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Acute vestibular syndrome (AVS) is caused by acute onset of unilateral vestibular insult in either the peripheral or central vestibular system. The HINTS (head-impulse, nystagmus, test-of-skew) exam is a bedside test to distinguish central lesions among patients with AVS. In a patient with stroke, positive findings of HINTS are presence of normal head-impulse test (HIT), direction-changing nystagmus in eccentric gaze and skew deviation. The authors conducted a study to evaluate how often the central sign, a positive HINTS finding, appeared in patients with acute peripheral vestibulopathy showing spontaneous nystagmus. They included 14 acute vertigo patients with spontaneous nystagmus in their outpatient clinic over a one-year period. Horizontal vestibulo-ocular reflex (VOR) gain was measured using the video head-impulse test (vHIT). Gaze-evoked nystagmus (GEN) was evaluated from values of slow-phase velocities at different points of lateral gaze. Skew deviation was tested using anaglyph goggles simulating the alternate cover test. Diagnoses of the 14 subjects were vestibular neuritis (seven, 50%), Ménière’s disease (five, 36%), acute spontaneous vertigo with spontaneous resolution (one, 7%), and vestibular schwannoma (one, 7%). Among the 13 patients of peripheral vestibulopathy, seven showed positive signs in HINTS (normal vHIT and skew deviation). The patient with vestibular schwannoma had positive HINTS findings. This study suggests that there are cases with positive HINTS findings in acute vertigo patients with peripheral lesions. The authors recognise that their study is underpowered with a small sample size and their results may not be generalisable to other patients. It is not possible to conclude a central cause in patients with dizziness based only on HINTS measurements. Instead, comprehensive evaluation including medical history and other factors, such as stroke risk, is more important when evaluating AVS patients. Larger studies are required to establish how quantitative HINTS tests may become clinically useful.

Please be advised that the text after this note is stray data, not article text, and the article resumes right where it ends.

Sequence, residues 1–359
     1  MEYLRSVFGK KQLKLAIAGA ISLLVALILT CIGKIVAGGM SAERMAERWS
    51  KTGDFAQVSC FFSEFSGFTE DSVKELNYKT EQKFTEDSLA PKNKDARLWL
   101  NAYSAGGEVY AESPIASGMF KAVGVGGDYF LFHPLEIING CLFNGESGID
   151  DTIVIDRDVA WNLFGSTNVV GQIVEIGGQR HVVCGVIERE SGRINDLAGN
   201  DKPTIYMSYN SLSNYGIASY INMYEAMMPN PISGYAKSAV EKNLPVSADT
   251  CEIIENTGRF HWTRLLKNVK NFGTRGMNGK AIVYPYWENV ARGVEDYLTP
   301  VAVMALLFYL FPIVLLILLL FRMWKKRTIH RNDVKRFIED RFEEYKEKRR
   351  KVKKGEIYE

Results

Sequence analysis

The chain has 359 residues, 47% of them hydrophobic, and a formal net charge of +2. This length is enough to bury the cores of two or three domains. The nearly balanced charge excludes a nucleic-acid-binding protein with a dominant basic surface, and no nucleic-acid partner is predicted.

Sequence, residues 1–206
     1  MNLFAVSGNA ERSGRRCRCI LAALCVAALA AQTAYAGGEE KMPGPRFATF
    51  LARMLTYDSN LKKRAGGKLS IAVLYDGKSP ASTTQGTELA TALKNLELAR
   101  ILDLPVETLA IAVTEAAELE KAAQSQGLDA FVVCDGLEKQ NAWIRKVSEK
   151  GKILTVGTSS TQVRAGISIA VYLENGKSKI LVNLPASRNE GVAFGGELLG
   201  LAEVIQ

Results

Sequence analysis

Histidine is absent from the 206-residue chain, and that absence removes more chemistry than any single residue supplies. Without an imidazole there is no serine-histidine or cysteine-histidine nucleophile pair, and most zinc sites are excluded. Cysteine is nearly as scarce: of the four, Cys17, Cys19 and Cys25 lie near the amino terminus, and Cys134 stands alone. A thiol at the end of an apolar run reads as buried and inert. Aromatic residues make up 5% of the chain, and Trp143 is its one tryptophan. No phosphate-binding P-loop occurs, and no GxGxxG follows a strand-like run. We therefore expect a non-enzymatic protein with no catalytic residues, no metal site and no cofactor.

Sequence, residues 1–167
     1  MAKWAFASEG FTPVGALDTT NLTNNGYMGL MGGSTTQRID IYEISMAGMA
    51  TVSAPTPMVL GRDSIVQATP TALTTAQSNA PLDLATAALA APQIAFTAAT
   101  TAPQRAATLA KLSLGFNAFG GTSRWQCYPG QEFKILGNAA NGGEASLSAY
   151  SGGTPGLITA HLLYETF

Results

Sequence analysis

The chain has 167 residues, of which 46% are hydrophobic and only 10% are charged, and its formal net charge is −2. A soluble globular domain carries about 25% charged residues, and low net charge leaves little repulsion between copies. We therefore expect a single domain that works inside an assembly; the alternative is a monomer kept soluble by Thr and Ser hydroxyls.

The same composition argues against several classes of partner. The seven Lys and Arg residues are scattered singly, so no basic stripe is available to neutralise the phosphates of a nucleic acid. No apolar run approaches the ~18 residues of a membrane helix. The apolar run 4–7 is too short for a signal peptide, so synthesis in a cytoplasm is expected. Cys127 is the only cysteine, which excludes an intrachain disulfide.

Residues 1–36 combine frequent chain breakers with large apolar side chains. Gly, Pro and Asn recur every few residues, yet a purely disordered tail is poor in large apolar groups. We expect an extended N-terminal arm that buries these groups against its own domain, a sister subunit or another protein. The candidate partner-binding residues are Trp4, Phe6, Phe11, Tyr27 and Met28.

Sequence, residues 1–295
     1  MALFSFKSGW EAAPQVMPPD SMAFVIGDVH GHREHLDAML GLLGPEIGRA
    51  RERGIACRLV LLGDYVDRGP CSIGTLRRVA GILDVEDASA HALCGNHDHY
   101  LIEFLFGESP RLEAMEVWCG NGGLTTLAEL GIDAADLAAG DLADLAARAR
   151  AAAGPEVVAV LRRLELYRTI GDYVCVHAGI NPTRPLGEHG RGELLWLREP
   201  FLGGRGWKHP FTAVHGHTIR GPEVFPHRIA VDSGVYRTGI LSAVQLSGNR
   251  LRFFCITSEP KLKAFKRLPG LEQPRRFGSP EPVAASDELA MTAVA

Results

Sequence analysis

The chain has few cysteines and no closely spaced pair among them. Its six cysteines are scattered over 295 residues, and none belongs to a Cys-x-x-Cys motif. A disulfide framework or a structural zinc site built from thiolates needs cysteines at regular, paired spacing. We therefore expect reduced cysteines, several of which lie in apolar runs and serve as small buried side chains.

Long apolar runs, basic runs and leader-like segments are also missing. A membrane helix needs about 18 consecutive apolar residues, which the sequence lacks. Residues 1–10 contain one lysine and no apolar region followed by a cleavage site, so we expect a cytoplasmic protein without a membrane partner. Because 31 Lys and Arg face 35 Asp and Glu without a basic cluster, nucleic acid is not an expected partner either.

Objective measurement of HINTS (Head Impulse, Nystagmus, Test of Skew) in peripheral vestibulopathy.
Lee DH, Schneider E, Lee SY, et al.
AURIS NASUS LARYNX
2022;49(6):938-49.
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Praneta Kulloo

London Deanery, UK.

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